On January 3, 2020, Maddie wrote, Hi, Ms. Levine! I’ve got a bit of a long-winded question. Several years ago, when I was an exceptionally awkward young teenager, you were kind enough to answer a few of my questions. Now I’ve graduated college and am slowly but surely overcoming my writer’s burnout (I’ve got an anthropology degree, so I did almost nothing but write for 4 years). I’ve finally decided that I want to try to write fiction seriously again! But I have a problem that I can’t figure out how to get over.

Back when I was first asking you questions, I believed in my writing. I knew it wasn’t great and that I had lots to improve on, but I had confidence that I was a storyteller and that people would want to read what I had to say. Now that’s completely gone.

A large portion of it comes from having the worst imaginable Comp 2 professor freshman year. She would do things like spend required office hours yelling at me that my work was terrible without giving advice for improvement or ask questions in class and berate me for answering them. I struggled to write all through college after that, and the standard microaggressions from being a Native woman only made it worse.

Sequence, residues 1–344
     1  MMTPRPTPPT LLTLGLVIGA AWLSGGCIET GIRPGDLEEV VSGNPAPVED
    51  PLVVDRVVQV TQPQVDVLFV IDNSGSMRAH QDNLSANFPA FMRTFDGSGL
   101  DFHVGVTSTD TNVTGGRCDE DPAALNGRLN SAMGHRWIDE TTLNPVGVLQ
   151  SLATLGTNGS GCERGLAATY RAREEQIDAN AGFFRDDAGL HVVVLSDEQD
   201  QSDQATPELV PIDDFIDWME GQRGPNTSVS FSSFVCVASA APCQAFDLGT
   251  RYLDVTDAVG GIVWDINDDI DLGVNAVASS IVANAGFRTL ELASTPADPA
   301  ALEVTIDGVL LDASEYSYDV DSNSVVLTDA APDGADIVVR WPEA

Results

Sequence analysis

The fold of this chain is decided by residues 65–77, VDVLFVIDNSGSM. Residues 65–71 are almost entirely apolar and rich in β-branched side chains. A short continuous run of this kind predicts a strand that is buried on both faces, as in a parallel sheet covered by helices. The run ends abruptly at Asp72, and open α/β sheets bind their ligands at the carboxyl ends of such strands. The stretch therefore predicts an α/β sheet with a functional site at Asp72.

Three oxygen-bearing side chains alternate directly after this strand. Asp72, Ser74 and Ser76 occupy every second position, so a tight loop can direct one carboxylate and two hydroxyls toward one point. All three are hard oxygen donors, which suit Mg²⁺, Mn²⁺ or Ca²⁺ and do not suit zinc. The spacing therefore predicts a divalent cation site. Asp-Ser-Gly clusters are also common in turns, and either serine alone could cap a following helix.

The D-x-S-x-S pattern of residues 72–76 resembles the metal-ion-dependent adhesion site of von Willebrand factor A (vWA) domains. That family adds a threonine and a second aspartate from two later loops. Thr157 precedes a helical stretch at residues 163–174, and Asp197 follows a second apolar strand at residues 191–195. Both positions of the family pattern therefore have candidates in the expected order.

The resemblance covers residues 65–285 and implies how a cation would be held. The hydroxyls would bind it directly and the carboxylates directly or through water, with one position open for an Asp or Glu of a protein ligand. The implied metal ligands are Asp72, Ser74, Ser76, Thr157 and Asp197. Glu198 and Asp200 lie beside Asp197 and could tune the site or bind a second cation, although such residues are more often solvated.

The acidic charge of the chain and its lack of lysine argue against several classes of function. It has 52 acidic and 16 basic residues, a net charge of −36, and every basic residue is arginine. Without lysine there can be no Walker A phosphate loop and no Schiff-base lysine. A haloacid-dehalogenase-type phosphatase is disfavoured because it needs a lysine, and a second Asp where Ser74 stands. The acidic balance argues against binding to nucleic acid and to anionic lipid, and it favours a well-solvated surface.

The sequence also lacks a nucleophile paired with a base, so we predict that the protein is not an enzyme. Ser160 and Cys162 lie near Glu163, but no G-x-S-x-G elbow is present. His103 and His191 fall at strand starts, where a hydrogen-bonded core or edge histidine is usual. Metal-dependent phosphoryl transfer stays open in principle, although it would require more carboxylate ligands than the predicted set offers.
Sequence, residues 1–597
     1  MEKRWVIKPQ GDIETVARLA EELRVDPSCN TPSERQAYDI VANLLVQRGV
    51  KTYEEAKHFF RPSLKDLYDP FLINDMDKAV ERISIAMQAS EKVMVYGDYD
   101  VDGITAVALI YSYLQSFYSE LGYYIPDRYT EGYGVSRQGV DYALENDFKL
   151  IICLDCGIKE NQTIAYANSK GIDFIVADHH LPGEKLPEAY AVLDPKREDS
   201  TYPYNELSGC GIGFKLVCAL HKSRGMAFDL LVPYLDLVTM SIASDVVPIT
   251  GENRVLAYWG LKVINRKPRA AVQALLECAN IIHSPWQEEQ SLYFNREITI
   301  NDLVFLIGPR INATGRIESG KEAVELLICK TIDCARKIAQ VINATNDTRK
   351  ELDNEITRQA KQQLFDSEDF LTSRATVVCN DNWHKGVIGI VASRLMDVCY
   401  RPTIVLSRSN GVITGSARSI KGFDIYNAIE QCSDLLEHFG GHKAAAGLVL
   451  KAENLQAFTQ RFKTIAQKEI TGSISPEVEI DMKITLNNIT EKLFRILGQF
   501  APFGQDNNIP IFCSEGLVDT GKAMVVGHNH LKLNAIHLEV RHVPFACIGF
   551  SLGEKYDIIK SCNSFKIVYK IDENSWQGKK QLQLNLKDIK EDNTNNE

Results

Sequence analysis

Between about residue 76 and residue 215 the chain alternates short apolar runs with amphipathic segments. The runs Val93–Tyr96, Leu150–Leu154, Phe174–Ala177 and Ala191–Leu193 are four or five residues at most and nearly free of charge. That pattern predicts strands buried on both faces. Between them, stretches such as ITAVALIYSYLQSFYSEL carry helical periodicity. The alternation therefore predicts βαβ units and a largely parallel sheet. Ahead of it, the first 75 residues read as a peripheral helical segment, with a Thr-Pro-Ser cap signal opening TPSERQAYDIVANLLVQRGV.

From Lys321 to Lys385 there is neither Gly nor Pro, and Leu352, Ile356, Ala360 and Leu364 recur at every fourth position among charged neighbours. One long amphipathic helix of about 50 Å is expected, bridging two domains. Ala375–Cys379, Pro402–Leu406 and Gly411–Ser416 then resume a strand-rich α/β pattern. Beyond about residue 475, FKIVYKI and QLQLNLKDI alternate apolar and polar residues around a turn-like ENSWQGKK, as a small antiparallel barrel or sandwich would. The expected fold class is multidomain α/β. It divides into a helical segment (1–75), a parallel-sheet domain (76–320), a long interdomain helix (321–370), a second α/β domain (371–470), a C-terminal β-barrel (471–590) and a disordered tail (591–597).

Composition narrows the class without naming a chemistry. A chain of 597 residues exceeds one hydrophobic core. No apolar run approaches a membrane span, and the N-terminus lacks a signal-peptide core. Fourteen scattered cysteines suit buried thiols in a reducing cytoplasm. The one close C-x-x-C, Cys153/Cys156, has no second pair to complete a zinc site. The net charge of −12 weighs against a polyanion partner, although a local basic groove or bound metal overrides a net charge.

I still love my characters, but now the only potential I can see in my writing is the potential for people to hate it. I’ve still had encouragement from friends, and even other professors, whose opinions I honestly respect a lot more. Heck, even the tutor I tried to take a Comp 2 paper to told me that the awful professor was just being cruel! But I can’t find it in me to have confidence in any part of my writing anymore.

I was going through some of my old stuff (I still always save what I write!), and I saw a lot of things I had written off of your prompts. I figured that if anyone could help me, it’s the writer who made me believe I could be a storyteller in the first place. How do I get that back?

Three responses came in, one from me.

Me: There’s a book! Writing on Both Sides of the Brain by Henriette Anne Klauser is about exactly this–the negative voice in our brains that tells us whatever we do stinks. It was more helpful to me than any other book when I started writing seriously, and I’ve gone back to it a zillion times over the years.

When I’m writing, I try to never make judgments about my writing on a global level–just specifics: work on pacing, smooth out this sentence, a little word repetition going on here. Never that what I’m writing isn’t any good.

Christie V Powell: You can also try it NaNoWriMo-style. For one month, you write everything down, good or bad, and you’re not allowed to edit. Our local group leaders print out pictures of little gremlins to represent our “inner editors,” and they lock them up in a box at the beginning. You ignore the critical voice inside you and just throw things out. I’ve heard it described as making a pile of sand. Only once you’ve got a big sand pile do you start shaping it into a pretty castle. It works for some people. You might give it a try.